See the full version of the Questionnaire below.



  • A: Perceptibility of the fault at the surface
    • A1 Was it mapped at all?
    • A2 Was it mapped at the scale of the entire fault?
    • A3 Was it mapped using remote sensing images?
    • A4 Was it mapped at the outcrop scale?
    • A5 Was it mapped through original field work?
    • A6 Is a fault plane exposed in the bedrock?
    • A7 Are there scarps at/near the contact between bedrock and loose deposits?
    • A8 Are the fault scarps of positively tectonic origin, and can any other natural (e.g. gravitational) or anthropogenic processes be ruled out?
  • B Geometric, dimensional and kinematic compatibility
    • B1 Are parameters describing fault geometry and kinematics supplied at all?
    • B2 Are the width and depth of the fault estimated?
    • B3 Are the geometry and kinematics compatible with regional tectonic data?
    • B4 Are the geometry and kinematics compatible with other large active faults nearby?
    • B5 Are the proposed fault length and width consistent with common empirical relationships?
    • B6 Is the proposed fault size compatible with the size of other known active faults in the region?
  • C: Compatibility with long-term strains and landscape evolution
    • C1 Is there any recent basin/syncline or range/anticline associated with the inferred fault and geometrically compatible with it?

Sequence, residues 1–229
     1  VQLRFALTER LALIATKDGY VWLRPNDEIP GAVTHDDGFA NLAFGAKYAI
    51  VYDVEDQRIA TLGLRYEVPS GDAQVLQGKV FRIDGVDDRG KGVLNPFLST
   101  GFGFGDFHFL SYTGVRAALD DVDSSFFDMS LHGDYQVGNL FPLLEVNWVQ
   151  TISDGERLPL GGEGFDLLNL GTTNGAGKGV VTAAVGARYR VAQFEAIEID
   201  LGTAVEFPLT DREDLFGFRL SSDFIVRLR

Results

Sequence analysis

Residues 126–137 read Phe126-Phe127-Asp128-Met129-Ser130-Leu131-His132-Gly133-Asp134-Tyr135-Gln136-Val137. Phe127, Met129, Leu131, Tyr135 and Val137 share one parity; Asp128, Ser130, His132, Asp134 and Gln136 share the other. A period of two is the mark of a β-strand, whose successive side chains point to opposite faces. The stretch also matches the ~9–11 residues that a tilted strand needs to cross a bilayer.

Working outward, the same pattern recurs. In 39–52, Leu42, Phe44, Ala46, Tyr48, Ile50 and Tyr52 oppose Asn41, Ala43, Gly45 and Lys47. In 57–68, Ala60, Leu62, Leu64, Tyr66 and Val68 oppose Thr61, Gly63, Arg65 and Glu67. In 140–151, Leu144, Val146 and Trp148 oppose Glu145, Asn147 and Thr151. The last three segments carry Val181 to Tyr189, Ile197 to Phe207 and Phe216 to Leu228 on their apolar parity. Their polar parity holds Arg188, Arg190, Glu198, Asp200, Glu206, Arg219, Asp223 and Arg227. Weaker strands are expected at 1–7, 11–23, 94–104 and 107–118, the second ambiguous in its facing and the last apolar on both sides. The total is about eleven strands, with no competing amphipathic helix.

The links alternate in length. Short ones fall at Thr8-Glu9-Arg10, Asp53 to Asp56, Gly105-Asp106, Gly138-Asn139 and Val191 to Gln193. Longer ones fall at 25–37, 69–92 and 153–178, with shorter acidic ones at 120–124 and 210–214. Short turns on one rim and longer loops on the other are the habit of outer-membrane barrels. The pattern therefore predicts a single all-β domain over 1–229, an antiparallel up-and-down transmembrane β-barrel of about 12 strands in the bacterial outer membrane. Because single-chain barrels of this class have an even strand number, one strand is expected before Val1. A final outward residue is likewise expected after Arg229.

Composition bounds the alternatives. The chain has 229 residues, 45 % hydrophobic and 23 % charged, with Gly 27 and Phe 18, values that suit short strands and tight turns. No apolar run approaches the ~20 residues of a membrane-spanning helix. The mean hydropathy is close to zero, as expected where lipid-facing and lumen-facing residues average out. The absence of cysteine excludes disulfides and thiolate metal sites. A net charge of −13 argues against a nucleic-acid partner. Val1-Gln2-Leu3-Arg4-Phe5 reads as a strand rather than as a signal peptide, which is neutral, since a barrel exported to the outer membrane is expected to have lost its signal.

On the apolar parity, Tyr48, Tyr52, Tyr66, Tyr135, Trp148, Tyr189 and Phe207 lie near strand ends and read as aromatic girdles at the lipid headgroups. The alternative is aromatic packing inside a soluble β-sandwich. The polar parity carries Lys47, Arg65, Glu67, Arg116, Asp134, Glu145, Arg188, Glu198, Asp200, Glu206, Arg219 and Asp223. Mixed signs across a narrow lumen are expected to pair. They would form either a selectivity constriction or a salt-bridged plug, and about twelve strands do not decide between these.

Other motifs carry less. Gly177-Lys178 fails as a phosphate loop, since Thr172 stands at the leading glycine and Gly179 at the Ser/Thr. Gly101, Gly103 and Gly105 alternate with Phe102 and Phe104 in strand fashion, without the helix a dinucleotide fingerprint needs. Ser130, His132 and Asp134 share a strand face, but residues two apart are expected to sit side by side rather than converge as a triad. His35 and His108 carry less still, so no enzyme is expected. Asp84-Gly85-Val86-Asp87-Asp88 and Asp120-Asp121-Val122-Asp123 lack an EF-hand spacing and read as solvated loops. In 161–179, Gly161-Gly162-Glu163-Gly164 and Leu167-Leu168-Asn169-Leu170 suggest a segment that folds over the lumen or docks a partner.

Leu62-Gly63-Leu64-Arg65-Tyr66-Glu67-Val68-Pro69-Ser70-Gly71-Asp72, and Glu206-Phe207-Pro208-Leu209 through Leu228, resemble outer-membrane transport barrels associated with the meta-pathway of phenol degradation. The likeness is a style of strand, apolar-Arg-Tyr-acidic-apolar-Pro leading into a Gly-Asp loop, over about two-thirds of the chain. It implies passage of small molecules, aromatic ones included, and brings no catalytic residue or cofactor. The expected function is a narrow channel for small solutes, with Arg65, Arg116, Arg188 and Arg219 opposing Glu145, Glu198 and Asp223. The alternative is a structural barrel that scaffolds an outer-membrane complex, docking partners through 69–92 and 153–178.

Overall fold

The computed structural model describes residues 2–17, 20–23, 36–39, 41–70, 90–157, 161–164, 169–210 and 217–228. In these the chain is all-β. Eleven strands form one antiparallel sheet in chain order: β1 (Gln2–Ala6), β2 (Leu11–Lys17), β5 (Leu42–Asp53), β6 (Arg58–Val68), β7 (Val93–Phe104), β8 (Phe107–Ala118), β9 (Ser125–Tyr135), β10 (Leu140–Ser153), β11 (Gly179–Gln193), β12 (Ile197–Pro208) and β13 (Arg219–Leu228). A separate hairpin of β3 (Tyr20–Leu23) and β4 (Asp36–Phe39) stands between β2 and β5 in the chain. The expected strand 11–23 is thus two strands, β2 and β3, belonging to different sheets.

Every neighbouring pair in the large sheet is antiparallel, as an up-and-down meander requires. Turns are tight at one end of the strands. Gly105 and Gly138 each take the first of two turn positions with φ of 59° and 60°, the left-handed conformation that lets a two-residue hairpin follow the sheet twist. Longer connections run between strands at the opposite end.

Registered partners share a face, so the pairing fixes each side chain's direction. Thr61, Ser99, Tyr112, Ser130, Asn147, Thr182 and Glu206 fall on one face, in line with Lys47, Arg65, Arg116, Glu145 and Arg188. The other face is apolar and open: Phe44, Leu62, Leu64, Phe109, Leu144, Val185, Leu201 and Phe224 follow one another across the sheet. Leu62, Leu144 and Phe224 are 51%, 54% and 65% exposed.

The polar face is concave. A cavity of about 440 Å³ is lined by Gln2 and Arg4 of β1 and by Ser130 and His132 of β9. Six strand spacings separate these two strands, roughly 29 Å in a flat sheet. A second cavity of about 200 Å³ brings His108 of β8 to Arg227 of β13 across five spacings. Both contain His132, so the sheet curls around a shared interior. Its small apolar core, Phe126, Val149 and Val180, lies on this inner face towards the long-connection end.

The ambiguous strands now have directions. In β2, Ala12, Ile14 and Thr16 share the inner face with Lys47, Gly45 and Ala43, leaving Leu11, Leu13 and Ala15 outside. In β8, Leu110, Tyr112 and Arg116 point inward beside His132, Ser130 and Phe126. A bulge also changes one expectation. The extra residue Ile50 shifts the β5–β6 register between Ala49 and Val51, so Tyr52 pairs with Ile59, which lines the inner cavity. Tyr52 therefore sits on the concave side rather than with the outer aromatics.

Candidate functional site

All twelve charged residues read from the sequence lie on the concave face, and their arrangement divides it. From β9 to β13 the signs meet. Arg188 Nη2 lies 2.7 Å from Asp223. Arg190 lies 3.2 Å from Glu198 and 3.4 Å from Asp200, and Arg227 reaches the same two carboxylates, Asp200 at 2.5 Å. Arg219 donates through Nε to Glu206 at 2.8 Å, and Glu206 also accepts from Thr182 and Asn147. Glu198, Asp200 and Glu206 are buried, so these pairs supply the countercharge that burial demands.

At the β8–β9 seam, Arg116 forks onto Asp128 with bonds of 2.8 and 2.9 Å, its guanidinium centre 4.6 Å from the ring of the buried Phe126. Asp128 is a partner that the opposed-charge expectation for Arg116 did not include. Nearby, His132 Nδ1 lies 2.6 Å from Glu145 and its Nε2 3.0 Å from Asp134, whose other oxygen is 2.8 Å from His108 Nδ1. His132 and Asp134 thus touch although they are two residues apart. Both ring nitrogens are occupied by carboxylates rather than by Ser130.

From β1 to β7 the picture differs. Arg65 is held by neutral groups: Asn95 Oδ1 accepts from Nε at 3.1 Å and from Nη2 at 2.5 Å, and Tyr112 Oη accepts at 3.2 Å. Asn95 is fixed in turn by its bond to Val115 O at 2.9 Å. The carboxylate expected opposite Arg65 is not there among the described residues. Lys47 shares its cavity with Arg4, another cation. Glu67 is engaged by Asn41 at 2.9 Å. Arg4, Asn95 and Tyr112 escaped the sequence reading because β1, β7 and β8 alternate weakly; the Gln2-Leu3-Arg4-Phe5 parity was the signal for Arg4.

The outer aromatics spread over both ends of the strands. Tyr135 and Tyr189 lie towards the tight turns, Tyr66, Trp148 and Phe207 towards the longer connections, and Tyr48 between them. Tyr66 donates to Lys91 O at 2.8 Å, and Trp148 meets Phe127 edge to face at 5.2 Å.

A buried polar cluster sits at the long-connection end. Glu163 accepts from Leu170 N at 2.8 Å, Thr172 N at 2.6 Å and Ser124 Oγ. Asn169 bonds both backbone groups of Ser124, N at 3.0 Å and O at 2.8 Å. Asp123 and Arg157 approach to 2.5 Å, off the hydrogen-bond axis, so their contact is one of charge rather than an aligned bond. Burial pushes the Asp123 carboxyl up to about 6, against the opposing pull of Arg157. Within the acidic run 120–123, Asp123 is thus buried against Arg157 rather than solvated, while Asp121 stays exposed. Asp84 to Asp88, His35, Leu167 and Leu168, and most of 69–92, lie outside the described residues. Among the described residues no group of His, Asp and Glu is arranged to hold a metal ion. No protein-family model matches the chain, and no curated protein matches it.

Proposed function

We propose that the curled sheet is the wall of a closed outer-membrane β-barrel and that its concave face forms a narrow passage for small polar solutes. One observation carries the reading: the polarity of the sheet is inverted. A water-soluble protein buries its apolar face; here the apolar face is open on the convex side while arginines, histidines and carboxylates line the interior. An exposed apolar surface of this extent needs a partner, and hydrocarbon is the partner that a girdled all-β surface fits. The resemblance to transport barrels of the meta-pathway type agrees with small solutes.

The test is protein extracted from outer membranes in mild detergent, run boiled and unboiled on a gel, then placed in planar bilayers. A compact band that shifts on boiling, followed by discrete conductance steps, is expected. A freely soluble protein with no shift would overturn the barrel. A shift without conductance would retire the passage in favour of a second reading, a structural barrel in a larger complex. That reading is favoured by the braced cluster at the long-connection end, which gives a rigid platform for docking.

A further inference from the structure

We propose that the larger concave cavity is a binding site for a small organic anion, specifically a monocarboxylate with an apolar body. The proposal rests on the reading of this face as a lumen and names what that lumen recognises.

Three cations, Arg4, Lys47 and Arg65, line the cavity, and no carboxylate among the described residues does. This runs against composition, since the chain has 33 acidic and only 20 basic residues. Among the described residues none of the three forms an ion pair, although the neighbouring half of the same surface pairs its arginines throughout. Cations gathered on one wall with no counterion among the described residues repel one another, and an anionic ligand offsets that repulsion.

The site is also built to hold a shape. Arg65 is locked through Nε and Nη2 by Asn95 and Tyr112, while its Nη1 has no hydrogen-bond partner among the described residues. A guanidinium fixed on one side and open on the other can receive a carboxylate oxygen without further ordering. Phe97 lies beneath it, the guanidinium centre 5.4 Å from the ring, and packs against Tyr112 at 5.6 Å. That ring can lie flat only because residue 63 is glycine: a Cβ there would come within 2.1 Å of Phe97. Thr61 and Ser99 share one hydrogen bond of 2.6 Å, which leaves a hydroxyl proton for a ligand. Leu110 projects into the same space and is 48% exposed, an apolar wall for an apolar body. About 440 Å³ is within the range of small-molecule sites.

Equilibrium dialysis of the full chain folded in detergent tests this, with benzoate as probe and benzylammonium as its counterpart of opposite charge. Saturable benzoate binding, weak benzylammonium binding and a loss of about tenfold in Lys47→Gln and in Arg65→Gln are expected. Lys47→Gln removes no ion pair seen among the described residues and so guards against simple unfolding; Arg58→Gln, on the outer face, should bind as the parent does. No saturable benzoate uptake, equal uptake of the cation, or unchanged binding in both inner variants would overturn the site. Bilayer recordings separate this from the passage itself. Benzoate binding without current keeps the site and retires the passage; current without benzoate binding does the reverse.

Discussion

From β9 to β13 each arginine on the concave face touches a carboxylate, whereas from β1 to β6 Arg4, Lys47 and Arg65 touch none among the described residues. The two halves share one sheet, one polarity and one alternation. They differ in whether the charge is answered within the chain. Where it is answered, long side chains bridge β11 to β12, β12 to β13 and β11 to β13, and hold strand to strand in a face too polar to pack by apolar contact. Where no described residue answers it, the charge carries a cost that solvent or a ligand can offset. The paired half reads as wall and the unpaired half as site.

• C2 Is the architecture of exposed young deposits compatible with the geometry and kinematics of the inferred fault?
    • C3 Is the architecture of exposed older deposits/rocks compatible with the geometry and kinematics of the inferred fault?
    • C4 Is the inferred fault or are the deposits associated with it imaged by subsurface and/or geophysical data?
    • C5 Is the architecture of buried young deposits/rocks compatible with the geometry and kinematics of the inferred fault?
    • C6 Is the architecture of buried older deposits/rocks compatible with the geometry and kinematics of the inferred fault?
    • C7 Has a quantifiable offset been observed/described?
    • C8 Can any landscape rejuvenation/differential erosion phenomena be confidently ruled out?
    • C9 Is the drainage pattern/behavior compatible with the geometry and kinematics of the inferred fault?
    • C10 Is the large-scale topography compatible with the geometry and kinematics of the inferred fault?
    • C11 Is the location and geometry of any fluvial/marine terraces compatible with the geometry and kinematics of the inferred fault?
    • C12 If analytical modeling of any fluvial/marine terraces or drainage pattern was performed, does it support the inferred fault?
  • D: Compatibility with associated seismicity
    • D1 Has anyone associated a specific earthquake with the inferred fault?
    • D2 If a specific earthquake is associated with the fault, is its inferred fault size compatible with Mw?
    • D3 Is there instrumental evidence for an earthquake of M > 5.5?
    • D4 Is the inferred fault size compatible with an earthquake of M > 5.5?
    • D5 Is there a historical and unequivocal surface rupture?
    • D6 Is there trenching evidence for surface ruptures?
    • D7 Is the size of the associated earthquake compatible with the known thickness of seismogenic layer?
    • D8 Is the earthquake damage pattern compatible at all with the inferred fault?
    • D9 Is the earthquake damage pattern well compatible with the inferred fault?
    • D10 Is the earthquake hypocenter compatible with the inferred fault?
    • D11 Does background seismicity delineate the fault with confidence?